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100 Colin Koopman 2010 ISSN: 1832-5203 Foucault Studies, No. 8, pp. 100-121, February 2010 ARTICLE Historical Critique or Transcendental Critique in Foucault: Two Kantian Lineages Colin Koopman, University of Oregon ABSTRACT: A growing body of interpretive literature concerning the work of Michel Foucault asserts that Foucault’s critical project is best interpreted in light of various strands of philosophical phenomenology. In this article I dispute this interpretation on both textual and philosophical grounds. It is shown that a core theme of ‘the phenomenological Foucault’ having to do with transcendental inquiry cannot be sustained by a careful reading of Foucault’s texts nor by a careful interpretation of Foucault’s philosophical commitments. It is then shown that this debate in Foucault scholarship has wider ramifications for understanding the critical Foucault’ and the relationship of Foucault’s projects to Kantian critical philosophy. It is argued that Foucault’s work is Kantian at its cor e insofar as it institutes a critical inquiry into conditions of possibility. But whereas critique for Kant was transcendental in orientation, in Foucault critique becomes historical, and is much the better for it. Keywords: Michel Foucault, Critique, Immanuel Kant, Phenomenology, Transcen- dental Critique.

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Page 1: Historical Critique or Transcendental Critique in Foucaultpages.uoregon.edu/koopman/pub/2010fouc-stds_histrcty_transcdtlty... · Historical Critique or Transcendental Critique

100

Colin Koopman 2010

ISSN: 1832-5203

Foucault Studies, No. 8, pp. 100-121, February 2010

ARTICLE

Historical Critique or Transcendental Critique in Foucault: Two Kantian Lineages

Colin Koopman, University of Oregon

ABSTRACT: A growing body of interpretive literature concerning the work of

Michel Foucault asserts that Foucault’s critical project is best interpreted in light of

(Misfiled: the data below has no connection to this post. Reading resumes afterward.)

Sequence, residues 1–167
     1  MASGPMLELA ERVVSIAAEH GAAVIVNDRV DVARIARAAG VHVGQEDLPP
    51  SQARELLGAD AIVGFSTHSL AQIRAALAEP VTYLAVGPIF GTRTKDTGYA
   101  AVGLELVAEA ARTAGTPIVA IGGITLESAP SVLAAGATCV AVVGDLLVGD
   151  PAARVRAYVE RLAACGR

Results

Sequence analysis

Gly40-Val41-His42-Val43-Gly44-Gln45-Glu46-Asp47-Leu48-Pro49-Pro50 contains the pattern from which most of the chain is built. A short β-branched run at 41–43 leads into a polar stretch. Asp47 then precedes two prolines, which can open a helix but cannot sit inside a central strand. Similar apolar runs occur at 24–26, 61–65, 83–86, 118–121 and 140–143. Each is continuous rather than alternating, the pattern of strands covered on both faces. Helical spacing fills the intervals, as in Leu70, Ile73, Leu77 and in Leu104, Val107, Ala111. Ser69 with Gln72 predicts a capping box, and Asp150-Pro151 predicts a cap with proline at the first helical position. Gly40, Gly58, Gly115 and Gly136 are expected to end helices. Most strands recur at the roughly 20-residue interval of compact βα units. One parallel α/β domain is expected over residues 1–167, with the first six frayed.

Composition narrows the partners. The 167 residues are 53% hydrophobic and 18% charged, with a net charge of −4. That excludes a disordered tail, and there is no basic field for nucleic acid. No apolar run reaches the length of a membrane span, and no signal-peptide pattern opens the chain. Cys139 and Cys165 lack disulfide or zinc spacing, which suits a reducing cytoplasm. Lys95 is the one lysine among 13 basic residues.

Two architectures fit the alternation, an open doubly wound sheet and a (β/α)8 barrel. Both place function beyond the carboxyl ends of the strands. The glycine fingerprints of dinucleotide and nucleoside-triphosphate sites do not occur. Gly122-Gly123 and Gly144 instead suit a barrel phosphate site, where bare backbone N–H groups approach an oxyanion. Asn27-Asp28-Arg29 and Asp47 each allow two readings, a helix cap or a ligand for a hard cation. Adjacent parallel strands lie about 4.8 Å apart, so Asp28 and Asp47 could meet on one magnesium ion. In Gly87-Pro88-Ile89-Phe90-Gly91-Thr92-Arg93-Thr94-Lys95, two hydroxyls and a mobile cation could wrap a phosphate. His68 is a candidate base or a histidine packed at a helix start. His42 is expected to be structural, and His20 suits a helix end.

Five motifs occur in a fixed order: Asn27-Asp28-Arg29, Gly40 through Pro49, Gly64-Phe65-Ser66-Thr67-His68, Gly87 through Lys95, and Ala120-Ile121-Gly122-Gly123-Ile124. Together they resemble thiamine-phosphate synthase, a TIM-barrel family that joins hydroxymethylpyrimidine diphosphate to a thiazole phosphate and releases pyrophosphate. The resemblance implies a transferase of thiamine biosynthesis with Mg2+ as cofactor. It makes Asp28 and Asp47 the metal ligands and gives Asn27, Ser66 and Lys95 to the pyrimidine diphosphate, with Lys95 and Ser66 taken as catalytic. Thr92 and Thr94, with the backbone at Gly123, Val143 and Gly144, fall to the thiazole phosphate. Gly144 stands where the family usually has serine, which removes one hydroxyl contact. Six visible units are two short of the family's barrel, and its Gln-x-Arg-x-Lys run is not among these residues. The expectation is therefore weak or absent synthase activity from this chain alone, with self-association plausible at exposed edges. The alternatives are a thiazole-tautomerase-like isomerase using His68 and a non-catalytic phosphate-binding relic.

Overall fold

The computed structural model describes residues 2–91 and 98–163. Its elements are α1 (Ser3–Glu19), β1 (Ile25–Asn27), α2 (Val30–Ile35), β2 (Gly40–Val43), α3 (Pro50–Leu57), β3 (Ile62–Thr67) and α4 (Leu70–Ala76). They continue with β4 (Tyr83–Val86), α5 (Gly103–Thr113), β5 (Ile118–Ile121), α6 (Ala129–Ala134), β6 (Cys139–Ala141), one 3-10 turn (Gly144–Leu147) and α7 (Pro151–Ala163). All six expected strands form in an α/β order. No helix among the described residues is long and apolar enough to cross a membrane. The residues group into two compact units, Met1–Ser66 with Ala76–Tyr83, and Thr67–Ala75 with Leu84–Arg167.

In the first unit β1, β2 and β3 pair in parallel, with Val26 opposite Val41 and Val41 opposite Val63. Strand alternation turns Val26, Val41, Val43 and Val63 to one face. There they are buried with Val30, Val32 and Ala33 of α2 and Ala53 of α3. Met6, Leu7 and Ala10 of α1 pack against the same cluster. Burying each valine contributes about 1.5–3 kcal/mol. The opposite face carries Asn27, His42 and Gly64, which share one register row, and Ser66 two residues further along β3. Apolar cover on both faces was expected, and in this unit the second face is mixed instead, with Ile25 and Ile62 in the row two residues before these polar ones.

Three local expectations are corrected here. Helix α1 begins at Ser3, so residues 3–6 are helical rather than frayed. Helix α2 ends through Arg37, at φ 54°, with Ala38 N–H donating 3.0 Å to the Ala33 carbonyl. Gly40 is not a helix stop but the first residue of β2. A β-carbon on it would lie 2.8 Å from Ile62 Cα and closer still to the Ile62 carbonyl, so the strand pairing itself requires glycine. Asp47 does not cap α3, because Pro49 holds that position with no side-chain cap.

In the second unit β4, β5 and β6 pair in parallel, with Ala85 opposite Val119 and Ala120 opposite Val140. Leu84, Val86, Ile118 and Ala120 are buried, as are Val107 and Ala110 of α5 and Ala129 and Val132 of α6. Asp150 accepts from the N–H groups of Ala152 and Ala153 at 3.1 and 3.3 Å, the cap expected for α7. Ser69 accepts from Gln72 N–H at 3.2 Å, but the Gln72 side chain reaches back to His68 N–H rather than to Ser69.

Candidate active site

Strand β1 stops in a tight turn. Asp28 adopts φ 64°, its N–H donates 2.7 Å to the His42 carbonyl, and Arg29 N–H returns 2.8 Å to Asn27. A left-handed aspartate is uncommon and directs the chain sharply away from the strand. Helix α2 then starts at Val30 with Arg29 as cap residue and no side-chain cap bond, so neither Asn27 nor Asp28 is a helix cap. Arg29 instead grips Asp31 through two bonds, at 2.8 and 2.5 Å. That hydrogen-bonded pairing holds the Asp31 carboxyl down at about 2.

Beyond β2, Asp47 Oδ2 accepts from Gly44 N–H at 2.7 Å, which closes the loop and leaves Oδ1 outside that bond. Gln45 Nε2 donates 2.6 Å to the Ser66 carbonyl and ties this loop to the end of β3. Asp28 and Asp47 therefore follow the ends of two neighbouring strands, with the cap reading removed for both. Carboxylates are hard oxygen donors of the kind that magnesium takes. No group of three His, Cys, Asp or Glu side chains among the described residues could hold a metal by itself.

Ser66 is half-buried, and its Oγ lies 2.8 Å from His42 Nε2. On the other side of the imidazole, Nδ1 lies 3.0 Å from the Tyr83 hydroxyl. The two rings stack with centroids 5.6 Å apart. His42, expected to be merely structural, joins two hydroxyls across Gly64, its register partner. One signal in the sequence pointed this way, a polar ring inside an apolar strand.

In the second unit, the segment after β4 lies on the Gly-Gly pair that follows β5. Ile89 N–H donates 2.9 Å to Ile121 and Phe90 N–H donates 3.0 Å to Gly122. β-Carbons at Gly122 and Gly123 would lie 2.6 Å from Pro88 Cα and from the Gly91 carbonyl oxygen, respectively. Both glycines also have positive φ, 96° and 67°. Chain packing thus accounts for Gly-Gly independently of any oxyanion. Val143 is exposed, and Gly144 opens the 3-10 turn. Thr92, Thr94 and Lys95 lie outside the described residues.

various strands of philosophical phenomenology. In this article I dispute this

interpretation on both textual and philosophical grounds. It is shown that a core

theme of ‘the phenomenological Foucault’ having to do with transcendental inquiry

cannot be sustained by a careful reading of Foucault’s texts nor by a careful

interpretation of Foucault’s philosophical commitments. It is then shown that this

debate in Foucault scholarship has wider ramifications for understanding ‘the

critical Foucault’ and the relationship of Foucault’s projects to Kantian critical

philosophy. It is argued that Foucault’s work is Kantian at its core insofar as it

institutes a critical inquiry into conditions of possibility. But whereas critique for

Kant was transcendental in orientation, in Foucault critique becomes historical, and

is much the better for it.

Keywords: Michel Foucault, Critique, Immanuel Kant, Phenomenology, Transcen-

dental Critique.

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‚You seem to me Kantian or Husserlian. In all of my work I strive instead to avoid any reference

to this transcendental as a condition of the possibility for any knowledge. When I say that I strive

to avoid it, I don’t mean that I am sure of succeeding< I try to historicize to the utmost to leave

as little space as possible to the transcendental. I cannot exclude the possibility that one day I

will have to confront an irreducible residuum which will be, in fact, the transcendental.‛1

The philosophical project of critique inaugurated by Immanuel Kant has led to many

important developments over the winding pathways of nineteenth- and twentieth-

century philosophy. One of these pathways has unfortunately overshadowed many

of the others. Kant envisioned his critical project, in his seemingly most famous

moments, as a transcendental inquiry. This transcendental inflection of the critical

project was then taken up in his wake by a number of different philosophical

traditions, including its notable appropriation and extension in the work of philo-

sophical phenomenology as inaugurated by Edmund Husserl in the late nineteenth

century and then radicalized by Martin Heidegger in the twentieth. One central

issue for the phenomenological pathway in critical philosophy has been the attempt

to integrate a transcendental inquiry into universal and necessary conditions of

possibility with historical forms of inquiry that acknowledge the situated contexts

within which all human thought apparently unfolds. Unfortunately this pheno-